# Homework Help: First order differential equations

1. Jan 30, 2014

### DmytriE

1. The problem statement, all variables and given/known data
Consider the first order differential equation

$\frac{dx(t)}{dt} + ax(t) = f(t), x(0) = x_{0}, t\geq0$ ​

Suppose the "input signal" $f(t)=e^{-t}, t\geq0$. (a) Find the solution to the equation. Find a condition on the parameter a so that the solution of the (forced) system approaches zero as t→∞.

2. Relevant equations
$\frac{dy}{dt} + p(x)y = 0$

3. The attempt at a solution

Setup as a homogenous equation therefore f(t) = 0.
$\frac{dx(t)}{dt} + ax(t) = 0$

$\frac{dx(t)}{x(t)} = -a*dt$

$ln(x(t)) = -at$

$x(t) = e^{-at}$

I don't know how to proceed any further...

2. Jan 30, 2014

### BvU

What you found satisfies the homogeneous equation. You are still missing an integration constant.
Now you need one particular solution that satisfies the inhomeogeneous equation.
A times homogeneous solution + particular solution is ' the ' general solution

3. Jan 30, 2014

### DmytriE

Is the integration constant $e^{\int x(t) dt}$ or $e^{\int a dt}$?

I guess the only integration factor that makes sense is the later of the two.

Last edited: Jan 30, 2014
4. Jan 30, 2014

### BvU

No, I mean $x(t) = Ce^{-at}$ also satisfies the homogeneous equation.

5. Jan 30, 2014

### BvU

Next thing to try: $C = C(t)$. Put this in the inhomogeneous equation and see what equation you get for C.

6. Jan 30, 2014

### DmytriE

I'm sorry but you've now lost me. Why am I trying C=C(t)?

7. Jan 30, 2014

### BvU

Well, the $e^{-at}$ part of $x(t) = C(t)e^{-at}$ helps you get rid of the $+a x(t)$ term. In return, you are left with a differential equation for $C(t)$ that you may be able to solve.

8. Jan 30, 2014

### pasmith

Either use Method of undetermined coefficients or use the integrating factor $e^{at}$.

9. Jan 30, 2014

### Staff: Mentor

10. Jan 31, 2014

### DmytriE

How can you tell when a first differential needs to use an integrating factor?

11. Jan 31, 2014

### Saitama

The differential equation you have presented is a linear differential equation of first order and this immediately tells us to use the integrating factor.

12. Jan 31, 2014

### Dick

In this case, you don't need an integrating factor. Just put $x(t)=Ce^{-t}$ into the equation and solve for C. You can't always do that but it's a nice shortcut here. Can you see why you could guess it would work? In general, guessing a trial solution is often a good option. When you can.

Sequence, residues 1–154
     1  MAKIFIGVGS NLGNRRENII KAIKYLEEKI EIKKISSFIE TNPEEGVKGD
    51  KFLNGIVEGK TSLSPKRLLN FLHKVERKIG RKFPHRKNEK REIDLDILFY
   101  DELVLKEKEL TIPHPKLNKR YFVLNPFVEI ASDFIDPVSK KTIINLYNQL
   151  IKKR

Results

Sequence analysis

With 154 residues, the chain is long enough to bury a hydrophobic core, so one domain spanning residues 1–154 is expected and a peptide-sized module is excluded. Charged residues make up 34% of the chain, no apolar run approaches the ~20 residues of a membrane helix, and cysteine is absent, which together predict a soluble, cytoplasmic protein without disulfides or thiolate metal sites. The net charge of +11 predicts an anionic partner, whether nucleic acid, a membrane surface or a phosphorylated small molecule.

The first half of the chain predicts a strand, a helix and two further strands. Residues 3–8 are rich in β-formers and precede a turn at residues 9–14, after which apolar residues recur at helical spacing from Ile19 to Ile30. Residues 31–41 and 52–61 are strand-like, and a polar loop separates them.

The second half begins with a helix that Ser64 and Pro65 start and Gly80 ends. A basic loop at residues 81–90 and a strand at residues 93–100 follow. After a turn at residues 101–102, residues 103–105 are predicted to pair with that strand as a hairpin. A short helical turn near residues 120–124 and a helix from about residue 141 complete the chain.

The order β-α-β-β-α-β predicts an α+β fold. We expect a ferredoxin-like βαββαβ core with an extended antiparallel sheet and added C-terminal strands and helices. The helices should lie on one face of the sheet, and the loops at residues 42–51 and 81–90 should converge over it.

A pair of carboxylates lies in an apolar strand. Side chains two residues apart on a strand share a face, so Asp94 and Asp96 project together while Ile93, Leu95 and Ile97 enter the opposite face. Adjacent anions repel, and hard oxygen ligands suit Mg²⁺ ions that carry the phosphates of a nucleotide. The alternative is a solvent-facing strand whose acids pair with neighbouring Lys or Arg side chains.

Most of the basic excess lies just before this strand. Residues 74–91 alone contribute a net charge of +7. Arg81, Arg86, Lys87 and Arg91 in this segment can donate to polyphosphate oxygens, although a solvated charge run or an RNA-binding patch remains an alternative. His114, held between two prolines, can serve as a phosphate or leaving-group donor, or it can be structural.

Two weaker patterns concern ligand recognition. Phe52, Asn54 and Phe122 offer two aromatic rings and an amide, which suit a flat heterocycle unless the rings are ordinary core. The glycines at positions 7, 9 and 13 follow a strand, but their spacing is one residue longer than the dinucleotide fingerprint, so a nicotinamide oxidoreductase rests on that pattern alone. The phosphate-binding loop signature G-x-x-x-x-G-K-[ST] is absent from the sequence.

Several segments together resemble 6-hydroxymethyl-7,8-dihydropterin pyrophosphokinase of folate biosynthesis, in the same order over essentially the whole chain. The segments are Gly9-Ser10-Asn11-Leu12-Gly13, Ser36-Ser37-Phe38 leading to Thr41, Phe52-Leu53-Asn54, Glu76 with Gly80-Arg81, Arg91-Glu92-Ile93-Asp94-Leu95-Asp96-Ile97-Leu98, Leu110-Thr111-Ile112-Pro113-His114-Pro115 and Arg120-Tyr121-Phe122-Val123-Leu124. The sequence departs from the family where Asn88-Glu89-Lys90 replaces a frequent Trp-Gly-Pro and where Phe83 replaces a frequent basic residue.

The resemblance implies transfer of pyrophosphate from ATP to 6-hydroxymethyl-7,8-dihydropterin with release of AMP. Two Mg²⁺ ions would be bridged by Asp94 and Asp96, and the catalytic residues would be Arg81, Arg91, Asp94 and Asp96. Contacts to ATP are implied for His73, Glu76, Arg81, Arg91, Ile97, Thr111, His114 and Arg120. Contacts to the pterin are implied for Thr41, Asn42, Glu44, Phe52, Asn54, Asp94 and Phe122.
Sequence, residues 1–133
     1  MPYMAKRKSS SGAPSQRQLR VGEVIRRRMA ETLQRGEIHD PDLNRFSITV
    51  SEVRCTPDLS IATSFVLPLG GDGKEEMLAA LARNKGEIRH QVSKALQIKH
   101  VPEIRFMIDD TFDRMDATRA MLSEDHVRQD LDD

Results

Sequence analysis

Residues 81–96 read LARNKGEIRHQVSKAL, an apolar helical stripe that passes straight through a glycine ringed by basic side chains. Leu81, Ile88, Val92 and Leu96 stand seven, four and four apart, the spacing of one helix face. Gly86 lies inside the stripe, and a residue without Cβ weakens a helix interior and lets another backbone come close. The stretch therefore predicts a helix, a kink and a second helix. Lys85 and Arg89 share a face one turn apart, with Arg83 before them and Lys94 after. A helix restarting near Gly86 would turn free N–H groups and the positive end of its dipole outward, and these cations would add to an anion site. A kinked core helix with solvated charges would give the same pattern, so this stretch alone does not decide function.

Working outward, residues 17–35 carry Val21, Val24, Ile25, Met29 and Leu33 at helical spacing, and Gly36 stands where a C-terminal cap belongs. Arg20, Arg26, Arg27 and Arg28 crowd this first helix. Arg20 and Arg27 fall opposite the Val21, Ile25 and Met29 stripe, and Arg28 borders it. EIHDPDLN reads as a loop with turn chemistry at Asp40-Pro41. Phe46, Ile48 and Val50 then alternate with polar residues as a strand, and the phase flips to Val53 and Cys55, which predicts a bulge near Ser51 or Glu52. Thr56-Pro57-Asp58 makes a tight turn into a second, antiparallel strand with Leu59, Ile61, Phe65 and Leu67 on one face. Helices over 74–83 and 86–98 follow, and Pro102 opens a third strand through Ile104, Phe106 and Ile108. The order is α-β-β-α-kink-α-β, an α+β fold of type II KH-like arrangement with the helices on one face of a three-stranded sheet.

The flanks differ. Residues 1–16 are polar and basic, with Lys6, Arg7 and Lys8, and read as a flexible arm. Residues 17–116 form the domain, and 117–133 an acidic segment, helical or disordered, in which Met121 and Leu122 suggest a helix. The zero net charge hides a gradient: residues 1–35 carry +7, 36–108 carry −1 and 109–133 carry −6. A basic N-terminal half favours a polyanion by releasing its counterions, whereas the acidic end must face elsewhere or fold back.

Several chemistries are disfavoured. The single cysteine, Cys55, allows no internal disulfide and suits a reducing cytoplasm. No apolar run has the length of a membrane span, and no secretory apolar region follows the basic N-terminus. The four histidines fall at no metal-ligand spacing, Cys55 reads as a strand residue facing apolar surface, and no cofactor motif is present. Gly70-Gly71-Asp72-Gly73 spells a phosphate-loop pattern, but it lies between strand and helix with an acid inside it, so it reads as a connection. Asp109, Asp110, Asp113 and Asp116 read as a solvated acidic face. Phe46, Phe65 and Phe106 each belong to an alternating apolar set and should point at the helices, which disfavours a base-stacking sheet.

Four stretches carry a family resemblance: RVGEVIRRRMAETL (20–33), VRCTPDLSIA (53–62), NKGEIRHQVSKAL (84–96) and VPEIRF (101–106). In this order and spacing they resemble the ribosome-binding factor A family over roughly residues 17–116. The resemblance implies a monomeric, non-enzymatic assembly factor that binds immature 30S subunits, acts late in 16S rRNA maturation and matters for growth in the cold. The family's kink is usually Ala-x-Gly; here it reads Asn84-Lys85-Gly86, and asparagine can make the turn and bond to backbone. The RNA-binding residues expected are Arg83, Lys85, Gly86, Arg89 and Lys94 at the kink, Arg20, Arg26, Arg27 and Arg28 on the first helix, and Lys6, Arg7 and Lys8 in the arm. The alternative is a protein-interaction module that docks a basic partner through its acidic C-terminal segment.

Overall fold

13. Jan 31, 2014

### Staff: Mentor

Look at the left side of your equation. "a" is a constant, so it is certainly going to integrate nicely. If "a" can be integrated easily with respect to t, that's your first indicator. Now look at the right side of the equation. It's a function only of t. So, when you multiply both sides by the integrating factor, the right side will still only be a function only of t (that can be integrated). That's your second indicator.

Chet

14. Jan 31, 2014

### vanhees71

Perhaps it's good to give a general derivation of the integrating factor for 1st-order linear ODEs. The standard form of such an ODE is
$$y'(x)+p(x) y(x)=q(x),$$
where $p$ and $q$ are given functions and the equation is to besolved for $y(x)$. We look for the general solution.

The equation would be much easier, if we had a total derivative on the left-hand side, but that's not too difficult to achieve. You just substitute
$$z(x)=v(x) y(x).$$
From the product rule you get
$$z'(x)=v(x) y'(x)+v'(x) y(x).$$
Multiplying the ODE with $v(x)$ gives
$$v(x) y'(x)+p(x) v(x) y(x)=q(x) v(x).$$
To make the left-hand side equal to $z'(x)$ you obviously have to determine $v(x)$ so that
$$v'(x)=p(x) v(x)$$
This is very easily solved, because you can write
$$\frac{\mathrm{d}}{\mathrm{d} x} \ln \left (\frac{v(x)}{v_0} \right )=p(x).$$
This gives
$$v(x)=v_0 \exp \left (\int_{0}^{x} \mathrm{d} x' p(x') \right ).$$
Here $v_0 \neq 0$ is an arbitrary integration constant.

Thus, choosing $v(x)$ in this way we can write our ODE as
$$z'(x)=q(x) v(x)$$
with the general solution
$$z(x)=z_0 + \int_0^{x} \mathrm{d} x' q(x') v(x').$$
Finally we have
$$y(x)=\frac{z(x)}{v(x)}=\frac{z_0}{v(x)}+\frac{1}{v(x)} \int_0^{x} \mathrm{d} x' q(x') v(x').$$
As you see, the choice of $v_0$ doesn't affect your solution in any way, because it only appears as an overall factor in front of the integration constant $z_0$, and this can be lumped into the overall integration constant of the general solution of the homogeneous equation. Finally we have the general solution of the ODE
$$y(x)=\exp \left (-\int_0^{x} \mathrm{d} x' p(x') \right ) \left [y_0+ \int_0^x \mathrm{d} x' q(x') \exp \left ( \int_0^x \mathrm{d} x'' p(x'') \right ) \right].$$
Here $y_0$ is given by the initial-value condition $y(0)=y_0$.

15. Feb 1, 2014

### DmytriE

Thank you everyone! I finally figured it out using integrating factors. As for guessing, would you guess Ce^-t as a good solution because the function is forced by e^-t?

16. Feb 1, 2014

### Dick

It's a good guess because of the other side of the equation, if you differentiate $e^{-t}$ or multiply it by $a$, you just get back multiples of $e^{-t}$.